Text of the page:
And Two: while the chemical process of black-and-white film is so well known, the chemical processes for color are, in most cases, an industry secret.


So this is me, once again, regretting not doing my proper research.




So about two rolls (that’s still like 30 feet) though development of the SDCC photos, I came to a screeching halt. I couldn’t go further without running some experiments. And that meant time that I didn’t have, research I hadn’t done, and chemistry I would have to order.


Which brings us from January/February to now . . . July. I have spent the past months researching color film chemical processes, and devouring all the anecdotal evidence I could find about the effects of water composition on color development, in between lesson planning, teaching, and making sure the school yearbook looked awesome. (it totally did btw)


This is where we’re at now:


Some of this I already knew. Like: water composition doesn’t matter so much for black-and-white because the black-and-white process is entirely based on silver halide crystals. These crystals, or silver salts, are the light-sensitive aspects of black-and-white film, and indeed color film.

What I did not know . . . with color those silver salts are chemically bound using an oxide to dye couplers which determine if the specific crystal will be Cyan, Magenta, or Yellow. And here’s the thing . . . I don’t know what oxides are being used as dye couplers.

(this is also a very basic explanation of how color film works, and not at all comprehensive)

What little information I could find was in academic journals and stuck behind a paywall.  

Which is where the anecdotal evidence comes in: I may not know exactly which compounds matter, and without testing my water I don’t even know which ones I have . . . . but what I do know is that we can all agree that water matters.

And the water I’ve been using up until now is hard water. Really hard water. That is to say, there are a lot of minerals in our water in parts per million. Depending on how those minerals are showing up, and which ones they are, they may or may not have an adverse effect on the development.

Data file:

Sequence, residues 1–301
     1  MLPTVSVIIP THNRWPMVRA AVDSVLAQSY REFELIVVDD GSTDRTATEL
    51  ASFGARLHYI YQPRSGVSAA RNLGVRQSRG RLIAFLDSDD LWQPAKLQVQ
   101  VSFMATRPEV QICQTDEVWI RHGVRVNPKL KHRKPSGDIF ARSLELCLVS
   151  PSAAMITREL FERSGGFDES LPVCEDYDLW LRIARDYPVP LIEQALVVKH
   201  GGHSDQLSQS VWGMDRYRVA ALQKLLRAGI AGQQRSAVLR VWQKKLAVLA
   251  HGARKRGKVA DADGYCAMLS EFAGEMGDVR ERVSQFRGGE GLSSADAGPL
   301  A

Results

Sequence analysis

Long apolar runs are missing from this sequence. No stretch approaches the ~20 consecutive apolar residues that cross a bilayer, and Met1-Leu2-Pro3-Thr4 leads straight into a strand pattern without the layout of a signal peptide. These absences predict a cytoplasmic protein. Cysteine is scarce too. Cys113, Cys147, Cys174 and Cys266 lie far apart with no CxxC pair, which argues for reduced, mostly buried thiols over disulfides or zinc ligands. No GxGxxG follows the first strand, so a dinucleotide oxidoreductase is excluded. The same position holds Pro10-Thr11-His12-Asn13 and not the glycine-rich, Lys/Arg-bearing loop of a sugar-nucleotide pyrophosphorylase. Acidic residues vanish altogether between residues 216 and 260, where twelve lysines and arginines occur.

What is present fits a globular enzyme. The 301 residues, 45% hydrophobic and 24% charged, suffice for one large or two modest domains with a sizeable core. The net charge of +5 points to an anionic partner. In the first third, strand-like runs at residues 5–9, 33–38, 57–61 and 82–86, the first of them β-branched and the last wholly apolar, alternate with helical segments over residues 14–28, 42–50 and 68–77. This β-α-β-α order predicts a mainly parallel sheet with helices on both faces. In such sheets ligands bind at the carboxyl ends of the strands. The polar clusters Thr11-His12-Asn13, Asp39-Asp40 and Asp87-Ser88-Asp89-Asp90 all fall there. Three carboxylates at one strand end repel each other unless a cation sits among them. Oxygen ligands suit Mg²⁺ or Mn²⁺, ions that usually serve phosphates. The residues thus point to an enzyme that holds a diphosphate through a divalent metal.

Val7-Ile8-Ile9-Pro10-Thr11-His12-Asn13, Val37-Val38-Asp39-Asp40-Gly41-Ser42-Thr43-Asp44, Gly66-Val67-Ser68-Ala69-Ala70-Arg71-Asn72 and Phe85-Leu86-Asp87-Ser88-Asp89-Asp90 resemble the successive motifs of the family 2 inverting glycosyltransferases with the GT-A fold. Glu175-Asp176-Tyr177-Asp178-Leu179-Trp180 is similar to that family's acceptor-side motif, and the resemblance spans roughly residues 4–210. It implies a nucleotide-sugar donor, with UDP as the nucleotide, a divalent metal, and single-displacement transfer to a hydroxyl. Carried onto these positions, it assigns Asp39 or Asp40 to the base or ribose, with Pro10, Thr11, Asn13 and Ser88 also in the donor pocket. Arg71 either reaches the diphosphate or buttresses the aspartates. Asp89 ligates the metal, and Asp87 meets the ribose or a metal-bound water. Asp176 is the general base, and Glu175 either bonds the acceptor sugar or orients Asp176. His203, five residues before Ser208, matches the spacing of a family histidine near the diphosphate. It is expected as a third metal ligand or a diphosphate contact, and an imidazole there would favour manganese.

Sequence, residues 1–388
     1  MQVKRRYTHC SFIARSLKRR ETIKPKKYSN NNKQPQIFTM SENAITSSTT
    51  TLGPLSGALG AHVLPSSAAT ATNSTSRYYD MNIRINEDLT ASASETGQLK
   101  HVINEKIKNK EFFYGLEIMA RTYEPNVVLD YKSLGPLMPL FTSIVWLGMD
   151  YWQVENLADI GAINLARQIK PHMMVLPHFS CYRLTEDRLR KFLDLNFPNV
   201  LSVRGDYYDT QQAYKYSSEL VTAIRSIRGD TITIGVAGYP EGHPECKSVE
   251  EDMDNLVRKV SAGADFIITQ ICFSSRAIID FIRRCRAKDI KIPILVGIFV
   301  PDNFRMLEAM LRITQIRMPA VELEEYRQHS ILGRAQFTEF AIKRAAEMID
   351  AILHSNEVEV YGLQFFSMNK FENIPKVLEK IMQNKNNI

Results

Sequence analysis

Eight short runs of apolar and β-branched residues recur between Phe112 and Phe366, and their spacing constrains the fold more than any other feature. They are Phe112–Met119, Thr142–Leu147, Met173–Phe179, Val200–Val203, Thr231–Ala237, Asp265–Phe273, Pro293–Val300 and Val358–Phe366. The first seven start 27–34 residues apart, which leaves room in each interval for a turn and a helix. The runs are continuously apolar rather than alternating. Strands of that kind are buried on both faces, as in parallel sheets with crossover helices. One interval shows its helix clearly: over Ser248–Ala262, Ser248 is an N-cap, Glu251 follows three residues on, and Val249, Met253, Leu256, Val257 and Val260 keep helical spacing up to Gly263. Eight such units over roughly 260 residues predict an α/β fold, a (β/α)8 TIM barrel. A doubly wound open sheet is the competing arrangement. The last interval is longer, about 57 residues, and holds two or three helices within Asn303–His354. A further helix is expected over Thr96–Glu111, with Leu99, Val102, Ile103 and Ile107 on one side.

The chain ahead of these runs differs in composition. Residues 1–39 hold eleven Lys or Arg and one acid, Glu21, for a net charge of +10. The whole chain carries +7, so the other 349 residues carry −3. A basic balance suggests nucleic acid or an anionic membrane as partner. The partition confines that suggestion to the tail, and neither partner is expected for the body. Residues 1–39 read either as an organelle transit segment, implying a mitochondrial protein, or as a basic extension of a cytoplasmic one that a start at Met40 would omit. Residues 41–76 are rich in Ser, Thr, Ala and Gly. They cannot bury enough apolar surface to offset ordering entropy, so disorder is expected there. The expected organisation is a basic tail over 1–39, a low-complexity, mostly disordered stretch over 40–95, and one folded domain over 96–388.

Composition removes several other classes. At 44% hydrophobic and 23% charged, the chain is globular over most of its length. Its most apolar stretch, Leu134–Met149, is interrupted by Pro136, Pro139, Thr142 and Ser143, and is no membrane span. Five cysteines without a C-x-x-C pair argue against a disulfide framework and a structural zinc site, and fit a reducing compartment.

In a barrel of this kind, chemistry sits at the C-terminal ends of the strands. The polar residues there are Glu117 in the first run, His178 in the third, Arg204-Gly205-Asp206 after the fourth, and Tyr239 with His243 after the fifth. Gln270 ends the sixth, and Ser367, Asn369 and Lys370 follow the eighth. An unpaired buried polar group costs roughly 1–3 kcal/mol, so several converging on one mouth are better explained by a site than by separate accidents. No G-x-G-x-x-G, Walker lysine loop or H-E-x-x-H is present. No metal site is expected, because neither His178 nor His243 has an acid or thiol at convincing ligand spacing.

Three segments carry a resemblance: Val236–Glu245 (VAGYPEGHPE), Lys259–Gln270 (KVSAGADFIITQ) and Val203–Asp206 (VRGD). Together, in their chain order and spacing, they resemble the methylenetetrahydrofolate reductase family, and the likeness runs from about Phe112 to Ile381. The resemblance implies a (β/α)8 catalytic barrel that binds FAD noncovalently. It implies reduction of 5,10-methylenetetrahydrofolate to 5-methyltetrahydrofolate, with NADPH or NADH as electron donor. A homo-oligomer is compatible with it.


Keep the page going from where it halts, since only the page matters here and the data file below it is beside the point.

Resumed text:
I won’t know without experimenting.

It is entirely possible that my film, when developed using chemistry not mixed with hard water, could look completely different.

So what water to use?

I’ve done a bunch with the water at my house, so I don’t need to do more with that, I can use it as kind of a baseline.

I’d like to use the water from my parents’ house because it sits on an aquifer, and doesn’t have the water treatment that city water gets, and I want to know if that changes things. It’s going to have a lot of limestone in it, which is going to add calcium and raise the pH. Will this matter? I have no idea.

Then there’s the cabin, which sits on a mountain stream and whose water has a totally different composition to that of the aquifer and to my own home.

There’s also water I can buy at the store, like distilled or drinking water.

Distilled doesn’t have any minerals in it, or almost none. You’re not supposed to drink it at all because it pulls the minerals out of your own system and can really do some long term damage. Regardless . . . it means there’s nothing to play with the dye couplers.